The fairtrade coffee bean of banks

The Purpose Team

24 November 2015

Just saying it aloud sounds odd and could even be mistaken for a typo: there are banks that exist not solely for profit. One such company, Bank Australia, which started as a credit cooperative in 1957, recently ditched its former name and, with a recent rebrand, hopes to teach people that as with organic cotton T-shirts and fairtrade chocolate, the same consumer power can be illustrated through the bank you choose.

We spoke with Fiona Nixon, Head of Corporate Affairs, to learn exactly what Bank Australia’s purpose-led credo is all about.

 

Our recent rebrand was vital for one key reason

“The main motivation for our rebranding was to address the fact that our previous name, bankmecu, was unmemorable. Our goal now is to get our message out there. There are so many people who already share our values and who are looking for an alternative bank, but unlike with ethical shopping, there’s not the same awareness that consumer power can also be shown by the bank you choose. So far, the response has been really positive. We’ve been doing a fair bit of advertising, and our branches have noticed a lot more people walking in, intrigued by who we are.”

 

As a growing small bank, we’ve got one big advantage

“Our most recent customer figures were about 127,000. The biggest challenge at the moment, for small banks in particular, is that we are in such a low-interest environment. This is where the value of being 100 per cent customer-owned comes in. We don’t have a shorter-term view, but a longer-term one because we are accountable to our customers, rather than shareholders. We’re lucky that we don’t have to pay dividends to shareholders. It makes things a little more straightforward. The challenges are we’re in such a competitive market and our competitors have much deeper pockets.”

 

We learn from other progressive banks around the world

“Our aim, as stated on our website, is to contribute to the mutual prosperity of people, communities and the planet. In Australia, we’re a bit of a lone wolf. We’re the only Australian member of the Global Alliance for Banking on Values – a group of the world’s leading sustainable banks. Two banks we’ve looked to for guidance are Triodos bank in the Netherlands, and Vancity customer-owned credit union in Vancouver. They have both done interesting work to engage their customers and respond to issues they’re passionate about, such as organic farming in the case of Triodos, and poverty in the case of Vancity.”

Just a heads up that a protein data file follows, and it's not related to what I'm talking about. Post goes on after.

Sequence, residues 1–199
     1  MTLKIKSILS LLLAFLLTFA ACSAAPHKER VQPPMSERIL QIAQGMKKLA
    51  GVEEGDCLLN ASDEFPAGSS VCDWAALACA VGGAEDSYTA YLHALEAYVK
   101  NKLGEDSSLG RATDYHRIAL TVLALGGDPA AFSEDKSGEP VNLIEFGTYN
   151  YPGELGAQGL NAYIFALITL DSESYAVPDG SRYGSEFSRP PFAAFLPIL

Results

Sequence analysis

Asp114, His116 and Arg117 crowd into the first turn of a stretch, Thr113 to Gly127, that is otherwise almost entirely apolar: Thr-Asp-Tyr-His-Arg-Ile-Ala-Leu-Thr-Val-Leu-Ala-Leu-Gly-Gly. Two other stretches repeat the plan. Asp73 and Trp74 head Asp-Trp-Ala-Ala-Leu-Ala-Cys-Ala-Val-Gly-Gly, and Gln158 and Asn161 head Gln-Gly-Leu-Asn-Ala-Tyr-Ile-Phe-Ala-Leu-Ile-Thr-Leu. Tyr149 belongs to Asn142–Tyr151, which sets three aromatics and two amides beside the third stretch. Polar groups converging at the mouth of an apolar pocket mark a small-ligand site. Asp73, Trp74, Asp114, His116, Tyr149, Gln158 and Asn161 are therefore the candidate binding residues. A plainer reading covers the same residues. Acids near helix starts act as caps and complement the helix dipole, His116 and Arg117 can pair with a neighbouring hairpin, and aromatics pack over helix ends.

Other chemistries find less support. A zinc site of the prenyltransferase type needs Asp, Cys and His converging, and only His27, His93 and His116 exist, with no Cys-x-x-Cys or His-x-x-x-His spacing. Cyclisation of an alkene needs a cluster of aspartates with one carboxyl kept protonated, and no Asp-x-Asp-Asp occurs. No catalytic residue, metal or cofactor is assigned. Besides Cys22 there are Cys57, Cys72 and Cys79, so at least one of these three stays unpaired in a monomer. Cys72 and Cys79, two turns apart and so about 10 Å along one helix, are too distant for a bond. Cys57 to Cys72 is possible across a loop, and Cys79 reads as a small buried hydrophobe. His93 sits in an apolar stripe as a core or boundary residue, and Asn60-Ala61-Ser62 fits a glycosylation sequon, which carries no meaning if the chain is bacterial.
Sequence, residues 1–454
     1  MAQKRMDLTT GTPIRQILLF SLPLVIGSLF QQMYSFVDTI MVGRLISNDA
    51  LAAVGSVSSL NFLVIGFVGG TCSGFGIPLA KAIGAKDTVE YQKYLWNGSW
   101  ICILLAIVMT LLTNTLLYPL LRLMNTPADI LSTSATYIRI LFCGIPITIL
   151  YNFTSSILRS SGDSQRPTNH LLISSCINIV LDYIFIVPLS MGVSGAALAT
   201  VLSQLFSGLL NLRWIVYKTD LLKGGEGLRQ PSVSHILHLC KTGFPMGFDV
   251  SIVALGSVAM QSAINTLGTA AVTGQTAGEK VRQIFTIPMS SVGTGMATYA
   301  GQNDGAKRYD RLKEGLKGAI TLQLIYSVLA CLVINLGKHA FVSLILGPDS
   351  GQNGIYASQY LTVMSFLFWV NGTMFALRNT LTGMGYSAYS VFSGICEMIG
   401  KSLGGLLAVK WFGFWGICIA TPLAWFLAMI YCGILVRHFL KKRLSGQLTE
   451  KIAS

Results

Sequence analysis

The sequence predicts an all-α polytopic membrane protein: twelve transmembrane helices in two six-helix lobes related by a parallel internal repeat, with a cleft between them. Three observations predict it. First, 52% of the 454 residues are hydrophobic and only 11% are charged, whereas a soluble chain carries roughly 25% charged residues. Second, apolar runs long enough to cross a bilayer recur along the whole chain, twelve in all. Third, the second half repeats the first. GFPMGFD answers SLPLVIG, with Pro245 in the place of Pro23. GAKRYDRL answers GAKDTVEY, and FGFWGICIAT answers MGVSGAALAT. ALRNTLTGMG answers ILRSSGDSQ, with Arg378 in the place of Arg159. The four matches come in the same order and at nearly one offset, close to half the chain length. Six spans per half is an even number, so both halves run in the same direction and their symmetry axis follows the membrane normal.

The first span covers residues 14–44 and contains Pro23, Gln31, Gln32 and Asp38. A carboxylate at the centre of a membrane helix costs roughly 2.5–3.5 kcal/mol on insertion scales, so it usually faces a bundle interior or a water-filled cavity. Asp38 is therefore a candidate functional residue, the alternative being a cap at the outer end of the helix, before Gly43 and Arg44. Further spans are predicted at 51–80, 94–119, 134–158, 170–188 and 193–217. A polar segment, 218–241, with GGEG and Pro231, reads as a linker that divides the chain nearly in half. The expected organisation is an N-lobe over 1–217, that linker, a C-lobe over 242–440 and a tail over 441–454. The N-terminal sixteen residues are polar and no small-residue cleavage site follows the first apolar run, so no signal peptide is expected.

We’re a challenger brand up for the challenge

“As Australia’s first 100 per cent customer-owned bank, we see the business of banking a little differently to our competitors. We aim to challenge the way people think about the role banks play in building a strong, fair nation and a healthy planet. We know that Australians expect a good deal, so we will always keep our pricing competitive. Key to being able to both challenge our competitors and make a positive impact is running an efficient and profitable business.”

 

We offset the impact of our products on the environment

“If you get a car loan, we offset the carbon emissions from your car for the duration of the loan via our Bank Australia Conservation Reserve in Victoria. Also, if someone’s building a new house on land that hasn’t previously been built on, we offset the loss of biodiversity and open land. So, if someone buys a 450,000 square metre block, we’ll allocate the same area into the reserve. Since 2008, we’ve bought five different properties, together covering nearly a thousand hectares.”

 

Damien Walsh, Bank Australia’s Managing Director, is a speaker at Purpose, running 7 & 8 December.

PUR_POSE

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